At her second follow-up appointment, one week from the previous visit, the patient’s ocular signs were still unresolved. The diffuse SPK and papillae had minimally reduced to a Grade 2 response and the subepithelial infiltrates OS were still noted. At this point, the patient’s daily routine and systemic health were re-evaluated to confirm any associations for her unresolving ocular inflammation. The patient denied the use of sprays (i.e. hair) or working with aerosols, allergies to make-up, and rubbing creams near her eyelids. This eliminated common sources for evaporative dry eye. The patient’s responses were also negative for previous diseases, auto-immune conditions, health concerns (i.e. blood work was recently normal), complications during pregnancy, hormonal fluctuations postpartum, and skin-related sensitivities. This eliminated common etiologies for aqueous deficient dry eye.
A non-urgent referral to a corneal specialist was initiated and her management was followed for two appointments. Results from the ophthalmology consults are outlined in Table 2 (see appendix). The last recorded treatment was Flarex taper, azithromycin (1g x 1) and Patanol (bid OU).
Tear film stability is a primary factor in maintaining the physical properties and functionality of the anterior ocular structures3. Alteration to the osmolarity or composition of the tear film disrupts the sensory balance interconnecting the lacrimal gland and ocular surface3,4. Ultimately, the performance of the lacrimal functional unit is compromised reducing the quantity and quality of tears. This alters the cornea’s protective ability because a lowered tear film decreases drug dilution, through non-specific binding5. Consequently, the drug’s contact time with the cornea is increased promoting further absorption and subsequent effects5. Similarly, our patient had multiple factors disrupting her tear film that increased susceptibility to toxic keratoconjunctivitis.
First, our patient presented post-partum suggesting prior risk to experiencing pregnancy related dry eye syndrome. Studies have shown that expecting females are more prone to keratoconjunctivitis sicca, with symptoms even throughout nursing due to hormonal changes6. Receptors for androgens, estrogen and progesterone have been identified on the ocular surface, lacrimal and accessory glands as well as meibomian glands indicating hormone levels regulate their function6. The loss of androgens reduces the quality and quantity of lipid in meibum whereas estrogen and progesterone genetically suppress sebaceous glands6. Androgens have also been observed to promote lacrimal gland secretions6. Yet, further research is needed for the role of estrogen and progesterone on the lacrimal gland6.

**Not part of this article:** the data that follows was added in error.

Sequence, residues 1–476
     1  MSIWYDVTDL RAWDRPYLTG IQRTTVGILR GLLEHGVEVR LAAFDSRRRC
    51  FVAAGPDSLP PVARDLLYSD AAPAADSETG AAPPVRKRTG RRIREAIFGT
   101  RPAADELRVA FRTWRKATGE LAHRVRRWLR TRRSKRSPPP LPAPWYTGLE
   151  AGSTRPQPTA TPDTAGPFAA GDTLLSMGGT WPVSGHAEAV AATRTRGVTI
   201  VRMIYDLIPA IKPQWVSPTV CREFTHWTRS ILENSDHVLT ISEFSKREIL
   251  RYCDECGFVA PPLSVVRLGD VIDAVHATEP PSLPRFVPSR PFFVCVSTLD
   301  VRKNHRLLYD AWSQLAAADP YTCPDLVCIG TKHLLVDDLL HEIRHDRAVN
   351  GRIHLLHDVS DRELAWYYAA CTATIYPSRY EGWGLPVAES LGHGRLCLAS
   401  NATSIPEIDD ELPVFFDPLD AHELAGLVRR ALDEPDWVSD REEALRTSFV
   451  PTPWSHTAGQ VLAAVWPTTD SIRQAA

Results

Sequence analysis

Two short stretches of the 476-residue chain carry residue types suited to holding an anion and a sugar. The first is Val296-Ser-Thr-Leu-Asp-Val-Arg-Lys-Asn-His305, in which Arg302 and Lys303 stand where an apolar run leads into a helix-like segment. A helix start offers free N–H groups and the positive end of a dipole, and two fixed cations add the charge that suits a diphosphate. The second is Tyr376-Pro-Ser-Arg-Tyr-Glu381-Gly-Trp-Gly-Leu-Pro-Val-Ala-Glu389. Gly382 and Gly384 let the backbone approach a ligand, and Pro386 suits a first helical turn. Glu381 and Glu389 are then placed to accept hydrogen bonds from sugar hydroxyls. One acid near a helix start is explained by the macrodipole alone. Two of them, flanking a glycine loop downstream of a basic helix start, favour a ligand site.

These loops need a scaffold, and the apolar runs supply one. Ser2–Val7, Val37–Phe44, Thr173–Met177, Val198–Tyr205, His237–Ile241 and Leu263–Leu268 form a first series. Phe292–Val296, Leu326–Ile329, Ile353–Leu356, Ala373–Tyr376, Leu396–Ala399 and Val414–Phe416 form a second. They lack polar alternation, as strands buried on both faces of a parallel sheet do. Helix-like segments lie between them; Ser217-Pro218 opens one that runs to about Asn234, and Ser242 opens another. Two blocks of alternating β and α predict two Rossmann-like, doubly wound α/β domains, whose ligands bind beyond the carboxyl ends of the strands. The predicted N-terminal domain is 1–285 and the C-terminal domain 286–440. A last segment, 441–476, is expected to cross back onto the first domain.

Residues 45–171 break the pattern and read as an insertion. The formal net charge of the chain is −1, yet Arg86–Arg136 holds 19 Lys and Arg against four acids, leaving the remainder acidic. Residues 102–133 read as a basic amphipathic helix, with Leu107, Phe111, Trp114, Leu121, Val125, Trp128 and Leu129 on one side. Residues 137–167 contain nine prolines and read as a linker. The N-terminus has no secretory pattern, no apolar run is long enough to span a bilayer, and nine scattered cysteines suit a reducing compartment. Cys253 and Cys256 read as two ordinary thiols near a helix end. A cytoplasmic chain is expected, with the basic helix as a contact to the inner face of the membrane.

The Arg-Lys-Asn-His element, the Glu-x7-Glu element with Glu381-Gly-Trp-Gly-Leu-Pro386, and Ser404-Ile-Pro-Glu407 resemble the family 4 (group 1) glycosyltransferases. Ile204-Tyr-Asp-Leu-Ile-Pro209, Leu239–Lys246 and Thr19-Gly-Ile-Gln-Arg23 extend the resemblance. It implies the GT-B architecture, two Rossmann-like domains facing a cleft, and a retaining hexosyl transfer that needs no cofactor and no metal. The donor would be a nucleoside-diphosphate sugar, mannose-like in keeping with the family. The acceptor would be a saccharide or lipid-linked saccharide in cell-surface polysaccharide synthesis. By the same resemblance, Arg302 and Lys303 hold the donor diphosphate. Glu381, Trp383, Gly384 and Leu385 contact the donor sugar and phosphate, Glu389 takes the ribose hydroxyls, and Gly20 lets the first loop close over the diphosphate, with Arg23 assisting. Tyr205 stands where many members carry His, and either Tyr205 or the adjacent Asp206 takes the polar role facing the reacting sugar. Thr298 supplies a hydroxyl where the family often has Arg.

Next, the proposed patient diagnosis had an integral relationship with ocular surface disease as it influences the integrity of meibomian gland function. Meibomian glands are commonly linked to evaporative dry eye due to a reduction in lipid secretion7.
However, these glands can also become inflamed resulting in three additional conditions such as ocular rosacea, phlyctenular keratitis and blepharokeratoconjunctivitis (BKC) 7. BKC is a chronic bilateral inflammatory disease involving the palpebral margin with secondary conjunctival and corneal complications8. It can present in adults and children, and is most commonly in females7,8. BKC is caused by anterior blepharitis that induces meibomitis from bacterial overgrowth7. Lipolytic enzymes produced from the bacteria alter meibum production7. Abnormal lipid secretions deposit into the tear film and reduce the integrity of the corneal epithelium7. Since the palpebral margins are dynamic, they rub along the surface during blinks spreading irritation7.
Proper diagnosis of BKC is crucial to prevent severe corneal damage that can compromise vision7,9. BKC will present with acute signs such as inflamed eyelids, telangiectasia, collarettes at the base of cilia, inferior SPK and sterile infiltrates8. The corneal inflammation will also induce reflex tearing, itching, foreign body sensation, burning and photophobia10. As BKC progresses, it can lead to more severe signs like madarosis, trichiasis, lid notching, ulceration, papillae/follicles on the palpebral conjunctiva, corneal scaring and corneal neovascularization8.
The recommended treatment for BKC is directed towards eliminating bacteria on the lid margins and resolving the inflammatory reaction obstructing the meibomian glands10. Expression of the meibomian glands is restored through repeated hot compresses and lid margin cleaning10. Topical antimicrobials are prescribed to cleanse the lid margin and conjunctiva from bacteria10. In order to resolve the ocular surface inflammation, topical immunosuppressants and lubricants are used to reduce and dilute the inflammatory mediators in the tear film10. Medications combining steroids with antibiotics such as loteprednol etabonate 0.5%/tobramycin 0.3% and dexamethasone 0.1%/tobramycin 0.3% (1-2gt qid, 14days) have both shown equal efficacy in decreasing the ocular inflammation associated with BKC11. In contrast, antibiotic-only agents such as tetracycline and macrolide are also competitive alternatives to steroid combination therapies since they can provide anti-inflammatory properties as well10. Both tetracyclines and macrolides can penetrate the ocular tissues, including meibomian glands, and remain at therapeutic levels days after therapy has stopped12.